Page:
Matthew 15:1 ¶ Then came to Jesus scribes and Pharisees, which were of Jerusalem, saying,

Matthew 15:2 Why do thy disciples transgress the tradition of the elders? for they wash not their hands when they eat bread.


Yet again we read of the scribes and Pharisees finding fault with Jesus and His disciples.  This time the offense concerns the ritual washing of hands before eating; the disciples were not following tradition.  At least they got one thing right—the transgression was against “tradition” not God’s law. 


Mark adds a bit more information:  Mark 7:3–4 “For the Pharisees, and all the Jews, except they wash their hands oft, eat not, holding the tradition of the elders. And when they come from the market, except they wash, they eat not. And many other things there be, which they have received to hold, as the washing of cups, and pots, brasen vessels, and of tables.”


The Jewish New Testament Commentary again adds insight:  “Mark’s explanation of n’tilat-yadayim, ritual handwashing, in these verses corresponds to the details set forth in Mishna tractate Yadayim. In the marketplace one may touch ceremonially impure things; the impurity is removed by rinsing up to the wrist. Orthodox Jews today observe n’tilat-yadayim before meals. The rationale for it has nothing to do with hygiene but is based on the idea that ‘a man’s home is his Temple,’ with the dining table his altar, the food his sacrifice and himself the cohen (priest). Since the Tanakh requires cohanim to be ceremonially pure before offering sacrifices on the Temple altar, the Oral Torah requires the same before eating a meal.”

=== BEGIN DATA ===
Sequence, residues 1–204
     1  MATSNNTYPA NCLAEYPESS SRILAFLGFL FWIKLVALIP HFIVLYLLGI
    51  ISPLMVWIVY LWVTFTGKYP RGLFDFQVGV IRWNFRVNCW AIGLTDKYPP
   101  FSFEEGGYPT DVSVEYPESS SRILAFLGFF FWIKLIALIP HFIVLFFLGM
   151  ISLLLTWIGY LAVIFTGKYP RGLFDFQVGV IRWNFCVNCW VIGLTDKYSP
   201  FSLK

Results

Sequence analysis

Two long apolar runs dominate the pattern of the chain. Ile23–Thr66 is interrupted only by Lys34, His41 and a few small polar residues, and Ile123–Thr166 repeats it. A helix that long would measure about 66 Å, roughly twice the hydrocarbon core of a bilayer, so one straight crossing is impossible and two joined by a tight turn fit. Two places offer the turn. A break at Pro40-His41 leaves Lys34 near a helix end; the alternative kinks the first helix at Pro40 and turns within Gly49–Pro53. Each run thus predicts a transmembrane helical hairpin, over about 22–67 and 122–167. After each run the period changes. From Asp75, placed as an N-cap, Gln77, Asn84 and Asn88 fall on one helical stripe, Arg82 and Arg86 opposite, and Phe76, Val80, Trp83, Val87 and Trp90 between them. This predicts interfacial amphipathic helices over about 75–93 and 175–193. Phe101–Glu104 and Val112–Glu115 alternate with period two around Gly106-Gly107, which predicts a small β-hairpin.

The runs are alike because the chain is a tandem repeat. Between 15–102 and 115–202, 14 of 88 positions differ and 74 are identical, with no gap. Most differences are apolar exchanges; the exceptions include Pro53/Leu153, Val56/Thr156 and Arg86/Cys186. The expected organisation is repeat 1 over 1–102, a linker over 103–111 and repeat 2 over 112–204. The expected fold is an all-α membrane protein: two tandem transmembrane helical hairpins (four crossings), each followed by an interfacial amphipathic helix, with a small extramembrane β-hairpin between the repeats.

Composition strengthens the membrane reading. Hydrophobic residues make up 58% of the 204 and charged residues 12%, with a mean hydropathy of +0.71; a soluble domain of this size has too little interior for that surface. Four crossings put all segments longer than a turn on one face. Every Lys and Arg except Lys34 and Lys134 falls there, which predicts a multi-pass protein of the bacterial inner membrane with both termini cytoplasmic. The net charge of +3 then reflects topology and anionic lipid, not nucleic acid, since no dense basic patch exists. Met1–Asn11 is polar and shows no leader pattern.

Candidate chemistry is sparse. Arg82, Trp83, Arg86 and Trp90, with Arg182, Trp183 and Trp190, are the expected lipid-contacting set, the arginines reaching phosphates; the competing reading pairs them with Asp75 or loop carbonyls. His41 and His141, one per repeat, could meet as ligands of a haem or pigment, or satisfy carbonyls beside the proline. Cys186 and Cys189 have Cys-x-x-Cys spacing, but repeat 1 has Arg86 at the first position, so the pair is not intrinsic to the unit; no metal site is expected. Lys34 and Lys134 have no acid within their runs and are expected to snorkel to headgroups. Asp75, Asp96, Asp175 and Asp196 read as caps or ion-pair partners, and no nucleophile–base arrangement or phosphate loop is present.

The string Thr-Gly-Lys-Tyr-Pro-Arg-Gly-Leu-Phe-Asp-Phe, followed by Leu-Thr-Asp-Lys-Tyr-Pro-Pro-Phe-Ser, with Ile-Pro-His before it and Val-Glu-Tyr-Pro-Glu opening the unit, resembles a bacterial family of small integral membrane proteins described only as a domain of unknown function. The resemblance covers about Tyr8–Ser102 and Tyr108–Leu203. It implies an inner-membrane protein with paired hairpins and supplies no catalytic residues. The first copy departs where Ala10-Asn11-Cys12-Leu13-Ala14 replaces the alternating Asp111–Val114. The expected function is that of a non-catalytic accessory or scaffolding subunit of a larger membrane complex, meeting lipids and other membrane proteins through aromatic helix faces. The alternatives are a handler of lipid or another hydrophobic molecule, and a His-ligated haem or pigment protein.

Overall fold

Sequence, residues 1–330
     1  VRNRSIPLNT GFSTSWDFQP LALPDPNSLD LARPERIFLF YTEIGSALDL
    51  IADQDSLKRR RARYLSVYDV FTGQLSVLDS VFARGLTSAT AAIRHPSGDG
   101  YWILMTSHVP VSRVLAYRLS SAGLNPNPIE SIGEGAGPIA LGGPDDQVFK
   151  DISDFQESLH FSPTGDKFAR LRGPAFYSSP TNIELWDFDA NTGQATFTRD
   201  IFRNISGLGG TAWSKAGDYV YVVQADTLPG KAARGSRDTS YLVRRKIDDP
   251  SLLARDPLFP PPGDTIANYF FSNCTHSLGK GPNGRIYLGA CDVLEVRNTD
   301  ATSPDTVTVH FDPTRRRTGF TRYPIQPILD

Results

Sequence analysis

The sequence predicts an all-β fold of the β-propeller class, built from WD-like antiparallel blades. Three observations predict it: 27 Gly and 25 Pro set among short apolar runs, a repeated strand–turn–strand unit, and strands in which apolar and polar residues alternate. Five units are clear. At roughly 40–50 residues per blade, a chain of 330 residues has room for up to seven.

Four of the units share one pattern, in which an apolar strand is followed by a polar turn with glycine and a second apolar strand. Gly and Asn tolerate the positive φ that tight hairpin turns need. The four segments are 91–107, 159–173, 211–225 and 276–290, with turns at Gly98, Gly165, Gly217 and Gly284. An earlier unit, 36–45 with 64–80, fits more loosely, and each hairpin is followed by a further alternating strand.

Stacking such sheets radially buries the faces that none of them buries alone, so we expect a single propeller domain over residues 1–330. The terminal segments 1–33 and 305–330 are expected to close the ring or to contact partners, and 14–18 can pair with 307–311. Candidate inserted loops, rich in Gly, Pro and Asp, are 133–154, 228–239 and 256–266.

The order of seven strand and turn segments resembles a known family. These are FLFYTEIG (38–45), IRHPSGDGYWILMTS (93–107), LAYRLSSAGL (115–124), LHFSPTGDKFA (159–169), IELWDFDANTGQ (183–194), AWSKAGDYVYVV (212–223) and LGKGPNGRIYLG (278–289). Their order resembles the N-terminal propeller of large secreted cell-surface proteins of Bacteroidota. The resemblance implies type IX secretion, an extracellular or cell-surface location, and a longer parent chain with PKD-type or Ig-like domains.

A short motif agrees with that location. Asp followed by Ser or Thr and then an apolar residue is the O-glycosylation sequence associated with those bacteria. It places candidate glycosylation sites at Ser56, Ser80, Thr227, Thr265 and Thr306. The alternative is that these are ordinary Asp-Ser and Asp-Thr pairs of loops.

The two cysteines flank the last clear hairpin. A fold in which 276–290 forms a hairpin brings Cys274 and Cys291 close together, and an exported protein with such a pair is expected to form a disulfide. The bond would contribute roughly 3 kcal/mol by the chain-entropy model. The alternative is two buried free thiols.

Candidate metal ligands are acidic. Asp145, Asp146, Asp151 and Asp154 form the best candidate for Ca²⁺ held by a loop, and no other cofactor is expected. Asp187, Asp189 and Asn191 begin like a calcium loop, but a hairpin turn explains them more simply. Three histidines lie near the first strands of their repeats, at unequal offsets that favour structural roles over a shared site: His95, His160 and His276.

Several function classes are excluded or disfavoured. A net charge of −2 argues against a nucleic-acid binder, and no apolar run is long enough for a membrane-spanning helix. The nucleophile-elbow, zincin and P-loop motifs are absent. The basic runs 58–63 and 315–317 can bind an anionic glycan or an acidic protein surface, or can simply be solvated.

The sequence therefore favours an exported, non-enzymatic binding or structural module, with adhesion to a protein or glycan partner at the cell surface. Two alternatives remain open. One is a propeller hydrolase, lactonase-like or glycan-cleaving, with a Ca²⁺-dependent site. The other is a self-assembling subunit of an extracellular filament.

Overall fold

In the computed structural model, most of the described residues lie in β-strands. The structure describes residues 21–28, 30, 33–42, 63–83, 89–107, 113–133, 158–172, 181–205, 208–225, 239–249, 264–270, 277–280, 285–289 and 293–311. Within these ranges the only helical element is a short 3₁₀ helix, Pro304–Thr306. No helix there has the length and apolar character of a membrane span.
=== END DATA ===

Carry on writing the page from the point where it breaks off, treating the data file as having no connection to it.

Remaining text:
Matthew 15:3 But he answered and said unto them, Why do ye also transgress the commandment of God by your tradition?

Matthew 15:4 For God commanded, saying, Honour thy father and mother: and, He that curseth father or mother, let him die the death.

Matthew 15:5 But ye say, Whosoever shall say to his father or his mother, It is a gift, by whatsoever thou mightest be profited by me;

Matthew 15:6 And honour not his father or his mother, he shall be free. Thus have ye made the commandment of God of none effect by your tradition.


Jesus turns the tables by noting that the scribes and Pharisees are breaking the commandment of God by following their tradition.  Example—God commanded that one should “Honor thy father and mother.”  In fact, anyone who cursed father or mother was to be put to death.